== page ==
Distributor: CELT online at University College, Cork, Ireland.

CELT document ID: E900015

Availability: Available with prior consent of the CELT programme for purposes of academic research and teaching only.

Source description

Macardle, Dorothy (1937). ‘President De Valéra’s Interview’. In: The Irish Republic: a documented chronicle of the Anglo-Irish conflict and the partitioning of Ireland, with a detailed account of the period 1916–1923‍. Ed. by Dorothy Macardle. London: Victor Gollancz Ltd, pp. 929–931.

You can add this reference to your bibliographic database by copying or downloading the following:

  editor 	 = {Dorothy Macardle},
  title 	 = {President De Valéra's Interview},
  author 	 = {Dorothy Macardle},
  booktitle 	 = {The Irish Republic: a documented chronicle of the Anglo-Irish conflict and the partitioning of Ireland, with a detailed account of the period 1916–1923},
  publisher 	 = {Victor Gollancz Ltd},
  address 	 = {London},
  date 	 = {1937},
  pages 	 = {929–931}


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Creation: by Éamonn de Valera and Dr Zehnder.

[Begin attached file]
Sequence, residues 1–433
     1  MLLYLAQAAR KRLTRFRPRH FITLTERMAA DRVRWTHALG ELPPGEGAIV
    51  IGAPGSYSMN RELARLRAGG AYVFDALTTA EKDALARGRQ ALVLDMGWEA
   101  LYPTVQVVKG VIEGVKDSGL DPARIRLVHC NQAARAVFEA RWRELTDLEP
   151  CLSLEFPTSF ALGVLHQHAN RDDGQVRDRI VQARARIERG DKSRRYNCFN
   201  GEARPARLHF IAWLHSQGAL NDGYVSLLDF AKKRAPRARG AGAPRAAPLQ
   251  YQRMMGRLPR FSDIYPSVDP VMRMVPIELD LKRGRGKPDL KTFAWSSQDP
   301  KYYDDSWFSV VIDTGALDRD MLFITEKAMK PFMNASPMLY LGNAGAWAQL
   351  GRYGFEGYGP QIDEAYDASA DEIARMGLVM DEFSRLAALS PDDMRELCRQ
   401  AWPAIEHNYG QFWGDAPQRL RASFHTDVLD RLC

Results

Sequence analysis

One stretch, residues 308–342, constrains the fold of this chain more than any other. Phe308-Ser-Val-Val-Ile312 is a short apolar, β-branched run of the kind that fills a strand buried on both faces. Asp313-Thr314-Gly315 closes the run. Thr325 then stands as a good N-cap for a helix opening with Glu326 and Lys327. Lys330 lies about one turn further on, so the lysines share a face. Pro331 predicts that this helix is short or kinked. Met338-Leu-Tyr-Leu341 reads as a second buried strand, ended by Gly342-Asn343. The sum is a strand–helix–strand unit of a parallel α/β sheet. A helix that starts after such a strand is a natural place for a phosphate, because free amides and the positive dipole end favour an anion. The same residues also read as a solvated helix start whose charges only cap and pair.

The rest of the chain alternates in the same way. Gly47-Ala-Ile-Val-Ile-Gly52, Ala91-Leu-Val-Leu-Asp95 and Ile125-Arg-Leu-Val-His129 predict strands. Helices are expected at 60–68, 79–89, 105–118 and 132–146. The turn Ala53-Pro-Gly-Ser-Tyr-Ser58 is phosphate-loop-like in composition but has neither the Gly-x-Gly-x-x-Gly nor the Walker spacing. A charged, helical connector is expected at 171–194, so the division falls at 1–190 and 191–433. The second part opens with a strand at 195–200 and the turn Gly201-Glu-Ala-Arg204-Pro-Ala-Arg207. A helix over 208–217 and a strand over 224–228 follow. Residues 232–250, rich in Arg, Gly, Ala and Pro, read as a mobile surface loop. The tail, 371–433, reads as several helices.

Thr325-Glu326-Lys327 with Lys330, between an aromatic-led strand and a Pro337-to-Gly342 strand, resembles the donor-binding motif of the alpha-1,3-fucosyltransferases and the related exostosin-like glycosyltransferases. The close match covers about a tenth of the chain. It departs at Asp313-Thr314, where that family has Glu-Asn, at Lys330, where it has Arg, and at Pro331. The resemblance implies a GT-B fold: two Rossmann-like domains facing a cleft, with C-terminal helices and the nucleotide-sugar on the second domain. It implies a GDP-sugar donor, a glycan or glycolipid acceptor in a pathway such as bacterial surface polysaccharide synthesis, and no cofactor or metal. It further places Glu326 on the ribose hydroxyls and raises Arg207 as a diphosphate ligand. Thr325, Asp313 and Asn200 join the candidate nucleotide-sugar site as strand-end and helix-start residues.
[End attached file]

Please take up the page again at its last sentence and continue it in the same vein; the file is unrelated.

Date: 1921-05-02

Language usage

  • The whole text is in English apart from 37 words, principally references to institutions and functionaries. (en)
  • Three words are in Latin. (la)
  • Two words are in German. (de)

Keywords: political; prose; 20c; interview

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(Most recent first)

  1. 2019-06-05: Minor edit made to div0 type description. (ed. Beatrix Färber)
  2. 2011-01-23: Conversion script run, new wordcount made. (ed. Beatrix Färber)
  3. 2008-07-19: Value of div0 "type" attribute modified, minor modifications made to header; keywords added. (ed. Beatrix Färber)
  4. 2005-08-25: Normalised language codes and edited langUsage for XML conversion (ed. Julianne Nyhan)
  5. 2005-08-04T14:41:58+0100: Converted to XML (ed. Peter Flynn)
  6. 2005-02-11: Header updated, file reparsed; HTML file created. (ed. Beatrix Färber)
  7. 1997-02-25: HTML file generated using OmniMark. (ed. Peter Flynn)
  8. 1997-02-25: File parsed using SGMLS. (ed. Mavis Cournane)
  9. 1996-11-17: Header constructed, structural mark-up added, checked and verified. (ed. Donnchadh Ó Corráin)
  10. 1996: Text proofed. (ed. Audrey Murphy)
  11. 1996: Text captured by scanning. (data capture Audrey Murphy)